When the engine gets cold, the choke will temporarily restrict airflow through the carburetor so more fuel can enter the cylinder. Similarly, a primer bulb draws additional fuel through the carburetor, which enters the cylinder before the engine is started.
This component controls the speed of the chainsaw and also keeps it from overheating.
The Spark Plug
The purpose of this component is to ignite the fuel in the chainsaw’s engine. It will wear out over time and require replacement.
The Spark Arrestor
This prevents burning carbon deposits from exiting the chainsaw and potentially starting a fire.
How Does It work?
The magic happens in and around a cylinder within the cover of a chainsaw.
Inside the Chainsaw
Most gasoline-powered chainsaws use a two-cycle engine, which requires the gasoline to be mixed with some kind of oil for the engine to operate correctly. Attempting to run a two-cycle engine without a suitable oil and gas mix will cause the engine to stop working due to insufficient lubrication.
The main benefit of a two-cycle engine is that it allows for a high output of torque while also being lightweight. Since chainsaws are intended to be handheld and operated at different angles, a two-cycle engine is ideal.
What Happens while the Chainsaw Is in Action
The engine starts as the ignition switch is turned on. As the starter rope is pulled, the starter engages the drive cup on the flywheel, and that rotates the crankshaft. The rotating crankshaft connects to the piston, which moves continuously within the cylinder, and begins the ignition process.
And the flywheel has fixed magnets built into it, and as it rotates past the ignition coil, a magnetic field is created. This magnetic field induces electricity, allowing the ignition coil to send voltage to the spark plug.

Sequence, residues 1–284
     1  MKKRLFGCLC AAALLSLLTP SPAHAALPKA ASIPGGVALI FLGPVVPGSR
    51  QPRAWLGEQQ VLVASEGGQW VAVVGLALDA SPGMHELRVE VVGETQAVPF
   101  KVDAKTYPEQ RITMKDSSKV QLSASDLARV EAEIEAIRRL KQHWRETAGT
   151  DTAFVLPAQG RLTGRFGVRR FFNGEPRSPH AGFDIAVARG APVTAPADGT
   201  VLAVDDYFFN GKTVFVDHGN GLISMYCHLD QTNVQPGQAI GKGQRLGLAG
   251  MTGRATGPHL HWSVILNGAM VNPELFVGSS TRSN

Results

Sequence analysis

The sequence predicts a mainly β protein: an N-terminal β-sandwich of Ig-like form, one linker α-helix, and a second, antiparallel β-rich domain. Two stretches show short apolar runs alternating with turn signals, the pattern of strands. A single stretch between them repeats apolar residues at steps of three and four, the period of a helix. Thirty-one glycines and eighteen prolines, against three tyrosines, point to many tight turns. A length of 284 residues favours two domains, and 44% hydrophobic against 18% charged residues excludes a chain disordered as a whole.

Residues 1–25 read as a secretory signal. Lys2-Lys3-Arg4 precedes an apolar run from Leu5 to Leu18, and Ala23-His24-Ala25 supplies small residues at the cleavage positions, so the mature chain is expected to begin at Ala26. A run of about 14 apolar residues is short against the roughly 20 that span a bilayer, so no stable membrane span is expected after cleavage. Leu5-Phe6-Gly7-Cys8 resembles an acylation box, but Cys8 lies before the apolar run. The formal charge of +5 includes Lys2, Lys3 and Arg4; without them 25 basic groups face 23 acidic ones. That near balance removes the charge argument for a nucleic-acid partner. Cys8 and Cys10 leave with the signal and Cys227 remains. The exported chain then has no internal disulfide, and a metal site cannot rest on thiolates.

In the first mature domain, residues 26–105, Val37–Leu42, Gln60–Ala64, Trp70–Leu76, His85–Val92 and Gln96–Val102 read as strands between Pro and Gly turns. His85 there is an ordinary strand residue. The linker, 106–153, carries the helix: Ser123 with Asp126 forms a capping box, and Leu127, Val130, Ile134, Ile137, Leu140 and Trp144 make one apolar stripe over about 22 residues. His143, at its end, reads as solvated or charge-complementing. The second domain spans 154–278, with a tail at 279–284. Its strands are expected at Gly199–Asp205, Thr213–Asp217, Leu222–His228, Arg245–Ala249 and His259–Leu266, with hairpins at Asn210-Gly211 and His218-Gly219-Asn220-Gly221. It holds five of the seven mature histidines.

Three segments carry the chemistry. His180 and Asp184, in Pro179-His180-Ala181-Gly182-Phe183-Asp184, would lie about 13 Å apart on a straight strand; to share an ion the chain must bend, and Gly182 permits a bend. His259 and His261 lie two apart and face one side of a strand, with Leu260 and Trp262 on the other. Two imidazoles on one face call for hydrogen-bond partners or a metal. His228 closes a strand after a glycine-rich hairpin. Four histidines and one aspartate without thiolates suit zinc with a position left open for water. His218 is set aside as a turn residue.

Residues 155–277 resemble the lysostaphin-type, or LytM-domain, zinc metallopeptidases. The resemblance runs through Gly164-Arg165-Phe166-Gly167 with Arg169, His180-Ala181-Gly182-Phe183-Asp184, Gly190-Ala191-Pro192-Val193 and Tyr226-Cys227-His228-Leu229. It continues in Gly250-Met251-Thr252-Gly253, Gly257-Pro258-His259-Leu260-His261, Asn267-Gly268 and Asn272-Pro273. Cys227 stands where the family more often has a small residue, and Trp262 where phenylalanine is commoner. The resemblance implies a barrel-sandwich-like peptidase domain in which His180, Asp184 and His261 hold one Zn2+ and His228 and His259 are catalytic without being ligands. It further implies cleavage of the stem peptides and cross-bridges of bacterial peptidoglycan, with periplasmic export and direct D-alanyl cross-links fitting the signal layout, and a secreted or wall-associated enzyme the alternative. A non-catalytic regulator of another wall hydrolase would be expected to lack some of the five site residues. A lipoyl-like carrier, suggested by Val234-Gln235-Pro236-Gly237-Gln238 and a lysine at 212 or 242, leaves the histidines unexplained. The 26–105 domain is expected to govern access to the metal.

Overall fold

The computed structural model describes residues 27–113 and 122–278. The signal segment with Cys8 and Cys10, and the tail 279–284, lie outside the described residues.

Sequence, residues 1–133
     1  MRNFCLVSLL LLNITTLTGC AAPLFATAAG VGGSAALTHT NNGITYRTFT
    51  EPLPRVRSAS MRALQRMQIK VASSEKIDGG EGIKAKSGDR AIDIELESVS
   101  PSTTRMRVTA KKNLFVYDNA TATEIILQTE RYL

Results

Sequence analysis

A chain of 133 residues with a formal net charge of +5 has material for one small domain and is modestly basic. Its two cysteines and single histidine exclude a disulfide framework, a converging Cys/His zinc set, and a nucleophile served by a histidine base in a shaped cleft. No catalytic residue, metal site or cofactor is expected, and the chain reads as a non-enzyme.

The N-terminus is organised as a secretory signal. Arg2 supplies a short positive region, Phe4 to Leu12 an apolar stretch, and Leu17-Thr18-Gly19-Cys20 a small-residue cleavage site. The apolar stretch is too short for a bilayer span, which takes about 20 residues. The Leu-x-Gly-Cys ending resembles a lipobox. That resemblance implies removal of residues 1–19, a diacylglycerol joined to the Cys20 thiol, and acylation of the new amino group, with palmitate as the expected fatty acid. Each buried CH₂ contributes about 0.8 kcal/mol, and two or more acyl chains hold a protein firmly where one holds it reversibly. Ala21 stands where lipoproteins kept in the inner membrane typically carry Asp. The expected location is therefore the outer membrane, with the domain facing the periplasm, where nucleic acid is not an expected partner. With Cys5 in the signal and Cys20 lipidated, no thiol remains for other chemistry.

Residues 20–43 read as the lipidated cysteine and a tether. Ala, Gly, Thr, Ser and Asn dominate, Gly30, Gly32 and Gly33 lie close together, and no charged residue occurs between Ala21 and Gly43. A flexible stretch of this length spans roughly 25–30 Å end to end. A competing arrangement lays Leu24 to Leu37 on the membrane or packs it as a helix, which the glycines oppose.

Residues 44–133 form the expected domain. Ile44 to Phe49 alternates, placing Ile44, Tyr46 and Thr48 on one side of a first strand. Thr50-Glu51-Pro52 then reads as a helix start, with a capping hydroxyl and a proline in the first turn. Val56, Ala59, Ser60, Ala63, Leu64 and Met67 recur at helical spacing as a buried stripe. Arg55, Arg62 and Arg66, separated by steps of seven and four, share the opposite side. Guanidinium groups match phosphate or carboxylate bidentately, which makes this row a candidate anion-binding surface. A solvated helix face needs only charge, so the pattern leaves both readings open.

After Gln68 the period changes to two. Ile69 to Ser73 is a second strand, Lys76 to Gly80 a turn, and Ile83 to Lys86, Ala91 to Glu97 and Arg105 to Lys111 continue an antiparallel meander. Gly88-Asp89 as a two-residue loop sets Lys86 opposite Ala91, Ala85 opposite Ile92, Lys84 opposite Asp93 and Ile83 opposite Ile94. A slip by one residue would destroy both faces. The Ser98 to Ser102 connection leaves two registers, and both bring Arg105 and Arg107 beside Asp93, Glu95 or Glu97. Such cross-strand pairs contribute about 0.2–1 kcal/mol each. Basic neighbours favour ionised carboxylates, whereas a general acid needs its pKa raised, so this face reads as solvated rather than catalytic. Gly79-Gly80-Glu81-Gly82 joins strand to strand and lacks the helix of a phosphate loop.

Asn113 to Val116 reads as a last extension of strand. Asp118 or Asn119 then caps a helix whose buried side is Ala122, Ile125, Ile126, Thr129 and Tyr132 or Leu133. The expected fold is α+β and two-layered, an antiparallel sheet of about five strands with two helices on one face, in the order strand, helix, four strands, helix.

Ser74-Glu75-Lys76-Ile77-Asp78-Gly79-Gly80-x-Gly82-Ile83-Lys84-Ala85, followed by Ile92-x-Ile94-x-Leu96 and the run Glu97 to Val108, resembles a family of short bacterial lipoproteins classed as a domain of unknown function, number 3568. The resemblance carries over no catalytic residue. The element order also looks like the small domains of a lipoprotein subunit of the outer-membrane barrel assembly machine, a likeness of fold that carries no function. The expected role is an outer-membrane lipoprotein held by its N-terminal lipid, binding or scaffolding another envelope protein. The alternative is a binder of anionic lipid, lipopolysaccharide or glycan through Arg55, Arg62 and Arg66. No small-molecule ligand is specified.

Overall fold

As the piston travels down, it exposes an intake port and pumps air and fuel oil into the cylinder. And as the piston travels back to the cylinder, a vacuum is created, and gas, oil, and air are drawn through the carburetor into the crankcase.
When the piston gets to the higher part of the cylinder, you’ll see that the spark plug starts the compressed fuel and air mixture, which makes the piston back down, exposing an exhaust port through which the used fuel exits.
Within less than a second’s time, the intake port is exposed again. Fresh fuel is drawn in, and the process is repeated with every revolution of the crankshaft.
Why Your Chainsaw Might Stop Working
If the spark arrestor is clogged, then the chainsaw may start but will stop sometime after. A clogged arrestor stops exhaust from exiting the engine. Make sure to use the proper amount of the right type of oil to prevent this.
A defective spark plug or a restricted carburetor can also cause the engine to not start at all. Carburetors can be cleaned, but might also need replacement.
Though very powerful, the chainsaw is also quite a safe power tool. In addition to the chain brake, you can also attach a cover at the end of the saw to prevent it from injuring anyone opposite to you while you are operating the chainsaw. Also, check our electric chainsaw reviews to find a good pick, or know where you can rent a chainsaw in the US.
The mechanism of the chainsaw itself is quite simple, but it is important for you to know the above information for your own safety and for the lengthy life of your chainsaw. Learn how to use a chainsaw here!